South Africa could soon join countries like India, Brazil and the Phillipines in replacing traditional paper ballot-based voting with electronic voting (e-voting). The director of e-Skills CoLab at the Durban University of Technology, Colin Thakur, recently completed an 18-month study on e-voting to determine the impact it could have here. He announced his findings at a two-day seminar on the subject, which the Independent Electoral Commission (IEC) held in Cape Town last week. … But many countries – such as the Netherlands, Ireland and Australia – introduced and then stopped e-voting. The reasons cited included security concerns, voter dissent and the high costs involved. E-voting would also remove the auditability of an election by taking away the paper ballot and making a recount impossible.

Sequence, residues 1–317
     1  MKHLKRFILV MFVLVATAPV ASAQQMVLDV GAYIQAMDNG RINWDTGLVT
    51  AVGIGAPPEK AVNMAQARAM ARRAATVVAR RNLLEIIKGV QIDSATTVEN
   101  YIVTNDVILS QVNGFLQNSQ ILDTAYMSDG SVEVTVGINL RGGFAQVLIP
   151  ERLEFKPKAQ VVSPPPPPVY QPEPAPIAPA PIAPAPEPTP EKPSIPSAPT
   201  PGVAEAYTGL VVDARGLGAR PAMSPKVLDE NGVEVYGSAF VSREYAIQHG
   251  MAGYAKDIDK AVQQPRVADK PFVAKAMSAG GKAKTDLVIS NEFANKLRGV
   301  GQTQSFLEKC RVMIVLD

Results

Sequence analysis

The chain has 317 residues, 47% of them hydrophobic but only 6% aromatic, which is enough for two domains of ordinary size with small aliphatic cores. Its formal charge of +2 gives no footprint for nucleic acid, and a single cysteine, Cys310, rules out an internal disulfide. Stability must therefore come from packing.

“This would have a huge impact on transparency,” said Thakur. The e-voting machines were also susceptible to “hacks” and initial start-up costs would be high. “We would need over R1 billion to initiate e-voting,” he said.
Thakur said e-voting would make make elections quicker and ensure a “direct democracy” in which the government could defer to the electorate on issues such as coal and nuclear plants, dams and rivers and toll roads.
The IEC has not yet made a decision on whether to adopt e-voting.
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